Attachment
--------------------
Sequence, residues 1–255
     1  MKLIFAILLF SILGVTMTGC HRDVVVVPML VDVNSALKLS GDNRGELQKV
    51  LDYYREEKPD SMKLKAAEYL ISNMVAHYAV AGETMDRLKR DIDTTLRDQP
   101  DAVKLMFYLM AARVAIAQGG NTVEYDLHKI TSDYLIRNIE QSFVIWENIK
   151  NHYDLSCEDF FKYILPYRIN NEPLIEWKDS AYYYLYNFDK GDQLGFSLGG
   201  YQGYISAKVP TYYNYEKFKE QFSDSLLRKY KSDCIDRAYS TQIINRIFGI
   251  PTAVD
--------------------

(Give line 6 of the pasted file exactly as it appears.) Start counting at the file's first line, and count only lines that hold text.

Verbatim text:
   201  YQGYISAKVP TYYNYEKFKE QFSDSLLRKY KSDCIDRAYS TQIINRIFGI